Sexual abuse won't end if we don't stand with victims - editorial

What we are seeing in Israel is a wave of sexual assault within every corner of society, no matter the religion or the level of observance.

Abuse of minors. (photo credit: PIXABAY)
Abuse of minors.
(photo credit: PIXABAY)

December saw a whirlwind of alleged sexual assault, abuse and fallout.

The “prison pimping” affair, as it is now known, took Israel by storm. The report of guards pimping out female soldiers who served in Gilboa Prison to Palestinian security detainees initially came out in 2018 but was closed with barely an investigation. It came back in November after the Gilboa Prison escape and its consequent investigation. The police have now opened a probe, and a number of female guards have already come forward.

A week into December, a student accused of raping multiple teens in a Tel Aviv high school was placed under house arrest. A gag order was imposed on the affair, but two of his victims shared their struggles on social media, saying their “abuser walks the halls of [their] school” and that they are constantly tormented by the experience.

Then there was Chaim Walder, the Israeli haredi (ultra-Orthodox) author of children’s books who was recently accused by dozens of young women of sexual abuse. Back in November, Haaretz published its now-famous expose, revealing that Walder had allegedly raped minors and young adults, all of whom he met in his line of work as a therapist and children’s author.

A total of 22 people have since come forward to testify before a beit din (rabbinical court) about the sexual-assault allegations. On December 27, he was found dead near his son’s grave in a suspected suicide.

 Chaim Walder (credit: Wikimedia Commons) Chaim Walder (credit: Wikimedia Commons)

The Walder case was reminiscent of another recent suicide attempt in the haredi sector, that of Yehuda Meshi-Zahav, the founder of Zaka, who tried to kill himself after he came under media scrutiny for allegedly raping young boys and girls over a period of decades. Meshi-Zahav allegedly used tactics of fear and intimidation to silence his victims.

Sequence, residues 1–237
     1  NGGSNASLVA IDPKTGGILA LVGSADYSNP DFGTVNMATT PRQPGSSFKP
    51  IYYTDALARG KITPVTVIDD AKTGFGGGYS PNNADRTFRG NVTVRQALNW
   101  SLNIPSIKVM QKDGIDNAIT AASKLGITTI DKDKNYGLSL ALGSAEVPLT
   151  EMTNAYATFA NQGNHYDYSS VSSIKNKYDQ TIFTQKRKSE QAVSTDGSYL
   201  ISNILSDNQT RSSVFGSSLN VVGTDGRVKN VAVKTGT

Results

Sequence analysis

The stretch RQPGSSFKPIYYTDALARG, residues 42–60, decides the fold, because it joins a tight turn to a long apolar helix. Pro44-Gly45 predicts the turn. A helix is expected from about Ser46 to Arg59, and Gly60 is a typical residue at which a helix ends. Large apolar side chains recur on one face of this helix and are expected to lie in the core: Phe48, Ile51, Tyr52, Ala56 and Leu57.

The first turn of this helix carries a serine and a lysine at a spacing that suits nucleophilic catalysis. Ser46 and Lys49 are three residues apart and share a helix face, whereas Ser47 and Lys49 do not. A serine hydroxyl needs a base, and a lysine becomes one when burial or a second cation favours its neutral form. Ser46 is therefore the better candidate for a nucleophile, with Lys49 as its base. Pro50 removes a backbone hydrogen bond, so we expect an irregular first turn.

Last March, a police investigation was officially launched, after an initial report opened a floodgate of abuse accusations against him from men, women and teenage boys and girls of all ages.

And then there was the case of Tzipi Dinar, a prominent teacher from Nofei Ayalon who Yediot Aharonot revealed last week sexually assaulted students at the religious girls’ Sha’alvim Ulpana (high school). Dinar would allegedly attack her victims in bed, in her car and on class trips.

What we are seeing in Israel is a wave of sexual assault within every corner of society, no matter the religion or the level of observance. It allegedly happens within the haredi sector (Walder and Meshi-Zahav), within the national-religious sector (Dinar) and within the secular sector (Tel Aviv high school).

Something bad is happening in Israel, and it needs to be confronted. On the one hand, we need better sex education in our schools. Children need to be taught what is right and what is wrong, and educators need to put in place stronger safeguards to prevent attacks.

But that is not enough. We also need public officials to stand with victims and not follow in the footsteps of Ashkenazi Chief Rabbi David Lau, who refused to apologize for going to the Walder family for the shiva mourning period and instead said the women who were allegedly assaulted had a responsibility to come forward and report the alleged crimes to the authorities.

Social media blew up in response to the statement, with people saying Lau was shifting responsibility and blaming the victims when they were in a sensitive and traumatized state.

On Sunday, Lau issued a clarification, saying everyone must stand with the victims and that he, personally, believes them. He added that no sexual harassment or assault allegation may be ignored.

The clarification was nice, but it was too late. Lau showed his true face, and that is one of a rabbi who first sides with the attacker and only then – after coming under public criticism – with the victims.

How can we expect women to come forward and file police complaints when people in power like Lau refuse to automatically stand with them?

And that is the problem. Education is key, but it is not enough. Victims need to feel support. Lau has shown them the opposite.